Artemis Technologies presents electric hydrofoil concept
Artemis Technologies, a company based in Belfast, has designed an all-electric passenger ferry to enter service in 2024. The operator Condor Ferries wants to use the hydrofoil as part of a pilot project between Belfast and Bangor in Northern Ireland and is banking on the ferry being fast.
The now unveiled 24-metre EF-24 is an electric vessel for up to 150 passengers. At a speed of 25 knots (about 46 km/h), the ferry offers a range of 115 nautical miles (about 213 kilometres). The developer specifies a top speed of 38 knots (70 km/h). There are no other details yet on the electric drive, battery capacity and charging capability. All that is known is that the electric propulsion system will be a patented solution called Artemis eFoiler.
According to Artemis Technologies, the new development is aimed at the global market for high-speed ferries. The sight on the video and picture material provided is spectacular: The hydrofoil floats largely above the water. Below the water surface, the boat is coupled with an electric drive.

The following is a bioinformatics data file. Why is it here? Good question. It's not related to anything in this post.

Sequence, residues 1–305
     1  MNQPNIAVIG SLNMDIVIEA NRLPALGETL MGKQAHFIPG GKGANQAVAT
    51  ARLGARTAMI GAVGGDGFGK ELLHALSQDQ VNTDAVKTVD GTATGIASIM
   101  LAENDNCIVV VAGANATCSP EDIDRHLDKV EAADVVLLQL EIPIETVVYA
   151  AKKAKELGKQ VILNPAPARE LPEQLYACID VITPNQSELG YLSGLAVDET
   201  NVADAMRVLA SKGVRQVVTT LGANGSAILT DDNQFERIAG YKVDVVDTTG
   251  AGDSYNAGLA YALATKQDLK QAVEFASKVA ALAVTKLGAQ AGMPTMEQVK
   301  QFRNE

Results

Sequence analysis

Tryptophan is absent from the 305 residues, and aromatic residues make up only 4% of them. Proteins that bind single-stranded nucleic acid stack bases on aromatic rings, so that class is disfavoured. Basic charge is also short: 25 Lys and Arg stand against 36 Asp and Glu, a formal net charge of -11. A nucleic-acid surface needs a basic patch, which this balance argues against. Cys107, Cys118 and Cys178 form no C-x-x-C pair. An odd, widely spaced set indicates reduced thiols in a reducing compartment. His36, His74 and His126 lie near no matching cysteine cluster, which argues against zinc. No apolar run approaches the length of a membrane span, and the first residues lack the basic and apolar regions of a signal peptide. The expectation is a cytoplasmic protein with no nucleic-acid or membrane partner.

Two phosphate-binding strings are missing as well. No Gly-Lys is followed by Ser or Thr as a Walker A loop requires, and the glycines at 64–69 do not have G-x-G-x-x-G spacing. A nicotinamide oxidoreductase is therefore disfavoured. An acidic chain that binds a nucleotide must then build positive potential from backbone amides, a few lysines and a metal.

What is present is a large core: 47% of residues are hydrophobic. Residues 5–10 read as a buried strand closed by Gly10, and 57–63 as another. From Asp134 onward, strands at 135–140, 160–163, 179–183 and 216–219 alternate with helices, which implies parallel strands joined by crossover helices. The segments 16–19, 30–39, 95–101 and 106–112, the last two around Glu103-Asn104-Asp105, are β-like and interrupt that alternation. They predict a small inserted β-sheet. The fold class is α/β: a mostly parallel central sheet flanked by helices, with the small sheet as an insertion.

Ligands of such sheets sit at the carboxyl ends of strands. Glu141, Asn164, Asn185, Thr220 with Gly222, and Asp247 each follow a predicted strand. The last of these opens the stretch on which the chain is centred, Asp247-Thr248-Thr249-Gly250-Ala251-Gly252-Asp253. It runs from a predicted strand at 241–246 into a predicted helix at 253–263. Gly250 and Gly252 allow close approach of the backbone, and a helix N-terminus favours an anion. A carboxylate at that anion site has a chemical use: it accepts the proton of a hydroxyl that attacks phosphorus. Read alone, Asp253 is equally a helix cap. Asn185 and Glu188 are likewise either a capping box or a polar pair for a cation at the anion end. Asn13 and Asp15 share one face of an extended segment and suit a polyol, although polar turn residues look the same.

Artemis Technologies is a spin-off of the Artemis Racing sailing team. Its founder is two-time Olympic champion Dr Iain Percy Obe. “We have combined our experience from the worlds of high-performance sailing, motorsports, aerospace, and advanced manufacturing to design and develop an electric propulsion system that is quite simply a game changer for the maritime industry,” comments Obe. “With hydrofoils that lift the boats out of the water, we are dramatically reducing drag.” The submerged electric propulsion system is exceptionally efficient, he adds, as proven by “rigorous testing with our 12m eFoiler® workboat”.
The ferry will be built at Artemis Technologies’ manufacturing centre in Belfast. At the same time, the company is already working on the development of other zero-emission vessels. The company is receiving support from the Belfast Maritime Consortium. At the beginning of 2022, Artemis Technologies has already launched the ‘Pioneer of Belfast’, which, according to the company, is the “world’s largest 100% electrically powered foiling vessel”. The Northern Irish company has also unveiled several electric workboats, including a 12-metre multi-purpose workboat and an equally long crew transfer vessel.